On Mon., Nov. 19, the Seattle City Council approved 2008’s $926 million city budget — if that sounds like a lot, that’s probably because it is.
“We’re in pretty good shape financially,” says Paul Elliott, chief of staff to Councilman Richard McIver, who chairs the budget committee. “We were able to put a lot into a lot of things.”
The council’s revision to Mayor Nickels’ budget proposal includes an additional $3 million for a pedestrian safety program and an additional $2 million for library materials. The Cascade People’s Center, which did not receive money under the mayor’s budget, received $100,000 under the council’s revision. And though the council rejected the mayor’s request for a $9 million city phone line, 311, it gave him half a million dollars to flesh out the idea and bring it back next year.
Will Seattle’s homeless get a piece of the pie?
The council’s budget devotes another $4.2 million for human services, most of which will go toward the city’s gang prevention program, food delivery to local food banks, and rental assistance for those facing eviction.
Mark Okazaki, chair of Seattle Human Services Coalition’s (SHSC) budget task force, is encouraged: “We want to commend the city…. The council gave our recommendations real, serious consideration.”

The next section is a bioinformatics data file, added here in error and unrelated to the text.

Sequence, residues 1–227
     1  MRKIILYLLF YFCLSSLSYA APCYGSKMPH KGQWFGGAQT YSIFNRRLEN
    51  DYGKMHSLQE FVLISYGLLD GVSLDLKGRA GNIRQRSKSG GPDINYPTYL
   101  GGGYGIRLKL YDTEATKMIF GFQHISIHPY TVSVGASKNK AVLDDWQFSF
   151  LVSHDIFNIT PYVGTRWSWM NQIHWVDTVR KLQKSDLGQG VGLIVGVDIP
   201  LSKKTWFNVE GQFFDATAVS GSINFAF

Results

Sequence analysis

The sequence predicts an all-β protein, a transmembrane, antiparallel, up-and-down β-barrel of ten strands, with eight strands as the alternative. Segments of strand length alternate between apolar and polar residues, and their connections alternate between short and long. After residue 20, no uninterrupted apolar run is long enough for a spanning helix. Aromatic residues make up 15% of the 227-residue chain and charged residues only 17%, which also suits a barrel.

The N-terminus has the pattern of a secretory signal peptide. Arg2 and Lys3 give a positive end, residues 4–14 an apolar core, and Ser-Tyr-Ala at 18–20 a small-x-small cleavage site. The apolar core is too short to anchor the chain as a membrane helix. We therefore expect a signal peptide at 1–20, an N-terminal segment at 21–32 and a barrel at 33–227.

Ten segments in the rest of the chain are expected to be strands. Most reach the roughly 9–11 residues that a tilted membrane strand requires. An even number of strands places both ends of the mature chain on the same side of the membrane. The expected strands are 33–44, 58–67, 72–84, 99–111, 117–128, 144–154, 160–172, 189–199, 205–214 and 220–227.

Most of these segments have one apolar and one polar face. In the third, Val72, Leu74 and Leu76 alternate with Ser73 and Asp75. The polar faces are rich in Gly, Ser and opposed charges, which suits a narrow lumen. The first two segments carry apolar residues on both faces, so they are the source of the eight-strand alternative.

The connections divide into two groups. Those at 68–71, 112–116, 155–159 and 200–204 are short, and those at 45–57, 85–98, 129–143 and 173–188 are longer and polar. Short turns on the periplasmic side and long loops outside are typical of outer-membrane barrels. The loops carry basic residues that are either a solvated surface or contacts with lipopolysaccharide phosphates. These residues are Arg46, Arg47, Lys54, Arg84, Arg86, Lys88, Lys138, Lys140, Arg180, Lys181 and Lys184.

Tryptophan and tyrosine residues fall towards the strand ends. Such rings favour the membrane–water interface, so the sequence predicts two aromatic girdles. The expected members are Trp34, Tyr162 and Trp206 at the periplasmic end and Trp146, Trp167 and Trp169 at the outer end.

Still, low-income housing received a paltry $1.5 million, well short of the $12.5 million recommended by the Seattle/King County Coalition on Homelessness. Also absent from the new budget was the $975,000 SKCCH had requested for area shelters, day and hygiene services, and outreach workers for those living on the streets.
“There just wasn’t enough money,” says city councilmember Richard McIver. The mayor’s original budget, says McIver, had not included money for low-income dental care; in the council’s revisions to the budget, dental care received “higher priority” over SKCCH’s recommendations.
For those hoping for substantive progress toward the city’s ten-year goal of ending homelessness, the council’s new budget is a mixed bag.
SKCCH director Alison Eisinger said she was “pleased to see the City Council put money into low-income social services” but called it “gravely disappointing that the council didn’t have the vision to invest our good fortune in needed emergency services, nor make [the recommended] $12.5 million investment in needed, permanent, low-income housing.”